Who says that Republicans and Democrats can’t work together? Last week, bipartisan legislation was passed by the Senate! The Unlocking Consumer Choice and Wireless Competition Act (S. 517) allows cell phone users—once their contract term with a service provider expires—the right to circumvent technology in order to use their existing phone with a new service provider. But wait, there’s more. The House passed bipartisan legislation (H.R. 1123) on the same topic on February 29th.Now we await the House to pass the Senate bill and on the way to the President for signature. Who said nothing gets done in Washington?
That’s the glass half-full story, now for the half-empty accompaniment. This legislation was only necessary because the Librarian of Congress, under the advisement of the U.S. Copyright Office, did not renew the exemption that allowed such circumvention in 2010. Instead the exemption was limited to “legacy” phones—those purchased before the rulemaking, making unlocking of newly purchased phones a violation of the anti-circumvention provision. The Register of Copyrights considered changes in providers’ policies that often allow unlocking as evidence that the unlocking provision was no longer necessary.
Now you might be saying, “Why the hell are we even talking about this?” Bear with me because there is a library connection.
Due to a provision in the Digital Millennium Copyright Act of 1998 (DMCA), people who can demonstrate that technological protection measures—used by rights holders to limit piracy—prevent lawful uses of digital content or technology can get a three-year exemption to circumvent. Hack away, my friend! Recently, the libraries have successfully proved that there is an adverse effect due to a technological protection measure—specifically the “content scrambling system” (CSS)—used by rights holders to lock DVDs, preventing faculty from extracting clips for use in the face-to-face classroom.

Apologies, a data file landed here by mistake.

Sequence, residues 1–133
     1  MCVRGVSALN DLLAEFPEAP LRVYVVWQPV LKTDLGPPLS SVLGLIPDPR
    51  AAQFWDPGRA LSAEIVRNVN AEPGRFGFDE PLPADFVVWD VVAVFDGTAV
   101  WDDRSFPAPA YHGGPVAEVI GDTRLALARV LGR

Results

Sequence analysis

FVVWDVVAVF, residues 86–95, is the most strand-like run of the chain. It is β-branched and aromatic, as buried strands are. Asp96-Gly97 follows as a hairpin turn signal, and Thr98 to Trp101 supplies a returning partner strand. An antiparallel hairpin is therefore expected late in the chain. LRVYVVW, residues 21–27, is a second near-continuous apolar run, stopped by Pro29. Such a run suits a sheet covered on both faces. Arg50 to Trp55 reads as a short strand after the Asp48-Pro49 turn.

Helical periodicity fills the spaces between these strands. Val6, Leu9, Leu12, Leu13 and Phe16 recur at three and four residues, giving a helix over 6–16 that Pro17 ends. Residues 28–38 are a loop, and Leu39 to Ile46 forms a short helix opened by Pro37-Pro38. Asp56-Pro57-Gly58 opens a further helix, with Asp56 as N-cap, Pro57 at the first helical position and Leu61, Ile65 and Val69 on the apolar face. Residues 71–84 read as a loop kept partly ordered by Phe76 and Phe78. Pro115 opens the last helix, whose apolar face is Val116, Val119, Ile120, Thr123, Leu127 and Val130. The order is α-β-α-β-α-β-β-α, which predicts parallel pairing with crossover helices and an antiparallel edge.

Again, you might be saying, “Why the hell are we even talking about this?”
Why do we spend so much time, energy, and money arguing for these tiny exemptions that are so detailed, prescriptive, and only last 3 years? Well, ALA and many others are saying much the same thing. I can’t imagine that anyone—even rights holders—involved in this process can think it is worthwhile. Consider the fact that piracy has not been deterred by the technological protection provision. Contemplate the absurdity of arguing for an exemption that you haven’t even exercised because, if you did so, you would be violating the law. Imagine going through this process every three years even to retain exemptions that were previously accepted. And after this long drawn out process—including a week-long public roundtable deliberation and a reply comment period, you have to wait another year for the Librarian of Congress to make his recommendation. It’s insane!
But, back to the glass half-full: The House Judiciary Subcommittee on the Court, Intellectual Property, and the Internet is conducting a wide scale review of the copyright law. One can anticipate that this loony triennial review process will be discussed and surely, improvements will be made. One can hope. I know I do.